"There continue to be serious concerns that India's 2010 nuclear liability law is not consistent with the CSC," State Department spokesperson stated Thursday in response to a question raised at the press briefing earlier.
"The IAEA is an appropriate venue for clarification on issues related to the Convention on Supplementary Compensation on Nuclear Damage (CSC), which deals with international nuclear liability," the statement said.
"The Agency can be helpful in assisting countries in evaluating their compliance with the CSC."
The landmark India-US civil nuclear deal is still awaiting full implementation with US companies reluctant to set up nuclear power plants in India because of its perceived tough nuclear liability regime.
Earlier this week, Deputy Secretary of State Bill Burns encouraged India to engage with the IAEA to look at whether its nuclear liability bill conforms with the CSC or not.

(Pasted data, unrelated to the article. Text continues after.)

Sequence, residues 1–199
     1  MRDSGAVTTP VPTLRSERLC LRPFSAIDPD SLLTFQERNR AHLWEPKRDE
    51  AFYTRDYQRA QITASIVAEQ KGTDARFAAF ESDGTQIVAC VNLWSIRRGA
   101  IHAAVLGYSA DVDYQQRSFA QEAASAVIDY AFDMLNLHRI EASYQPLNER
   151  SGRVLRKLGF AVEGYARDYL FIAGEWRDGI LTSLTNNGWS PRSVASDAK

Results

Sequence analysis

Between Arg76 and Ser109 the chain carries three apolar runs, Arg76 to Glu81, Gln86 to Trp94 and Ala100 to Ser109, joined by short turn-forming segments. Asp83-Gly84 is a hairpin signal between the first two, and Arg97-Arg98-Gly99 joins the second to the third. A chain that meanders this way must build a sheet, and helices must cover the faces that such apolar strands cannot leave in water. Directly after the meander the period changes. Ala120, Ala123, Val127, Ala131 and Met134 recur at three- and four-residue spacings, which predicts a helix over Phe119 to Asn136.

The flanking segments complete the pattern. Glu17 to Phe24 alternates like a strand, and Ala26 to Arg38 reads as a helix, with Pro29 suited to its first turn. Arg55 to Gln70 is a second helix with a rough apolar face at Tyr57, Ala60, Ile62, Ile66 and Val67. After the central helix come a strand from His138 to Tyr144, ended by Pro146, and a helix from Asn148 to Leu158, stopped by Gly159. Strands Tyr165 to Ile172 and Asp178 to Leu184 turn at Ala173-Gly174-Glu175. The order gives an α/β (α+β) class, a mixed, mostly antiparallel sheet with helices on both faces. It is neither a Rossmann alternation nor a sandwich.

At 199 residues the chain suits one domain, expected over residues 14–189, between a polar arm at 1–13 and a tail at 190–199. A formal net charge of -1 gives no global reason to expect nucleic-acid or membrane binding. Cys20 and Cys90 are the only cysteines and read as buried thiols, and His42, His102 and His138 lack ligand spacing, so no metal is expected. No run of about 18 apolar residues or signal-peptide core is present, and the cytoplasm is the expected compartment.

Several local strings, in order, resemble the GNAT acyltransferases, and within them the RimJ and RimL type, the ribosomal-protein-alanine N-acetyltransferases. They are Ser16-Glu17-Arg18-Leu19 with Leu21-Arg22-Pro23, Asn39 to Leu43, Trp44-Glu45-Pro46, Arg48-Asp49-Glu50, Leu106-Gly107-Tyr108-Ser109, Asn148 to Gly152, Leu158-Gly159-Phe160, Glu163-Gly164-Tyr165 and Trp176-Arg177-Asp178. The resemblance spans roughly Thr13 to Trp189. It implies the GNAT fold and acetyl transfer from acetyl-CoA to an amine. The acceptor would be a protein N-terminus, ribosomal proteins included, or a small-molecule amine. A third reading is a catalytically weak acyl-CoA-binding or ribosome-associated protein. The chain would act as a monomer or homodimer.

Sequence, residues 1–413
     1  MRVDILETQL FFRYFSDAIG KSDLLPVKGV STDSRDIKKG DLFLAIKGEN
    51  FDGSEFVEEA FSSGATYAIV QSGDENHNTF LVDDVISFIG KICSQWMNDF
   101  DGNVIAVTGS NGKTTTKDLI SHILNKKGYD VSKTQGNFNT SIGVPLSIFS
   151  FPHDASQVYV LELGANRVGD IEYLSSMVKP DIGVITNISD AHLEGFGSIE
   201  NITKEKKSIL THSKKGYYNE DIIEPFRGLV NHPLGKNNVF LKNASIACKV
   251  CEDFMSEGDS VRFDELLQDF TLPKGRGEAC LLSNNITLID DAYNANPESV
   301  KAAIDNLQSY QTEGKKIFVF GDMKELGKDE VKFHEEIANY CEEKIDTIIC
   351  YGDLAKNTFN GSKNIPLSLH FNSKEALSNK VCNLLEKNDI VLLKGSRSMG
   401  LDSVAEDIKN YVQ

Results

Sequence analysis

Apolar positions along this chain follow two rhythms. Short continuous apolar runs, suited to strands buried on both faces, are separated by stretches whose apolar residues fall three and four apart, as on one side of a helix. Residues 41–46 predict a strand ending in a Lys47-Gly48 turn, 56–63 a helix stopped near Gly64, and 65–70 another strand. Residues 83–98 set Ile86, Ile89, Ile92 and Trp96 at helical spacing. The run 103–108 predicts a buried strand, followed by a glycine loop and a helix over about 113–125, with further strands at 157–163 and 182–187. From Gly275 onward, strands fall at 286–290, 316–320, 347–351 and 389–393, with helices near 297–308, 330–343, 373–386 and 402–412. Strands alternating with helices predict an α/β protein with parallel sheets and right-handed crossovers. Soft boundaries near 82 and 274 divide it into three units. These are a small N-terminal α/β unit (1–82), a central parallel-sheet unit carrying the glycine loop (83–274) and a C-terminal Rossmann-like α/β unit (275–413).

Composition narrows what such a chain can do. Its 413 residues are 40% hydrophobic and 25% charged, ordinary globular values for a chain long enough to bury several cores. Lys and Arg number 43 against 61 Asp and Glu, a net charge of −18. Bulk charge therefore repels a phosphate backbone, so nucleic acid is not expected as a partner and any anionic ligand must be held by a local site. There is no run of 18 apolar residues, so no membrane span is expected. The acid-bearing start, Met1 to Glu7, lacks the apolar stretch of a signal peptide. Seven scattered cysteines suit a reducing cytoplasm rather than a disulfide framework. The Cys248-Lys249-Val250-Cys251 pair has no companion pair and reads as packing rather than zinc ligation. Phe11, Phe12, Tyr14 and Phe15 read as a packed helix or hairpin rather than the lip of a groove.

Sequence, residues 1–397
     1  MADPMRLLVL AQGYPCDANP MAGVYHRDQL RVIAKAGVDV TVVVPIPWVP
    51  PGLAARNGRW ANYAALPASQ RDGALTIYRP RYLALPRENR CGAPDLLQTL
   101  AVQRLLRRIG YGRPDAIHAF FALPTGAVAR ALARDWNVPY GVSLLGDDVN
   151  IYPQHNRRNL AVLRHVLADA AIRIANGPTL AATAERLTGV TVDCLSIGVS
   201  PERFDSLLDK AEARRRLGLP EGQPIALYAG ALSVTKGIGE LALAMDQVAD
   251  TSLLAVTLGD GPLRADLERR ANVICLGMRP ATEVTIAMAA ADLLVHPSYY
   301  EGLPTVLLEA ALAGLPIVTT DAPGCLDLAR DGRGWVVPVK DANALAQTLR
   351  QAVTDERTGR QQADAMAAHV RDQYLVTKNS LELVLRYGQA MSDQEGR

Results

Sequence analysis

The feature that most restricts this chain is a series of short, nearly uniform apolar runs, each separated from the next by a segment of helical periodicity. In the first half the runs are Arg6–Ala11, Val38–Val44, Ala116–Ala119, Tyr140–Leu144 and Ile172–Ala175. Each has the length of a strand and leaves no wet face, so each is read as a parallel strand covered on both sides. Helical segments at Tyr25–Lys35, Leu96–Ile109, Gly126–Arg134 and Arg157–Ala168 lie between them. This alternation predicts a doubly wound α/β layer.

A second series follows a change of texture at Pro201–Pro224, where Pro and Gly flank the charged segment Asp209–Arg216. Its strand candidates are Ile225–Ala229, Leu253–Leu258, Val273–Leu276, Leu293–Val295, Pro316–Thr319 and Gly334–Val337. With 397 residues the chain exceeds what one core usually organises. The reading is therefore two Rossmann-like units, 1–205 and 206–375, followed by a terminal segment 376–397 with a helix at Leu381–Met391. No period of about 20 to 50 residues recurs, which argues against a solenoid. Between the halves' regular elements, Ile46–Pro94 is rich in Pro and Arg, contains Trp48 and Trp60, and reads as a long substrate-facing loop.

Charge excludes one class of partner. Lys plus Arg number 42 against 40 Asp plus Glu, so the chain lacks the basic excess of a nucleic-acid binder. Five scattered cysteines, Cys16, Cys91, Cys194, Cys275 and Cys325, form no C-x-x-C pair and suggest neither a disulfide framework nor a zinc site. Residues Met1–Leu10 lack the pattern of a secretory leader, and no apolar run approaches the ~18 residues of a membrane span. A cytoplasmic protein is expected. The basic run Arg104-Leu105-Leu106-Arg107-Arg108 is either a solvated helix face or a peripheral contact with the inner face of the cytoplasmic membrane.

Asked at the briefing if in suggesting that IAEA get involved, the US believed that the Indian law does not conform with the CSC, spokesman Mark Toner said: "No. I don't think it means that at all."
"But we certainly, as we move forward with a civil nuclear partnership, an agreement with India, we want to make sure that we do comply with international standards on nuclear energy," he said.
The US, Toner said sought compliance with international standards on nuclear energy in all types of civil and nuclear deals.
Washington: Voicing concerns over India's nuclear liability law, the United States has asked New Delhi to engage with the International Atomic Energy Agency (IAEA) to see if it's in compliance with the Convention on Supplemental Compensation.
First Published: Friday, September 30, 2011, 10:26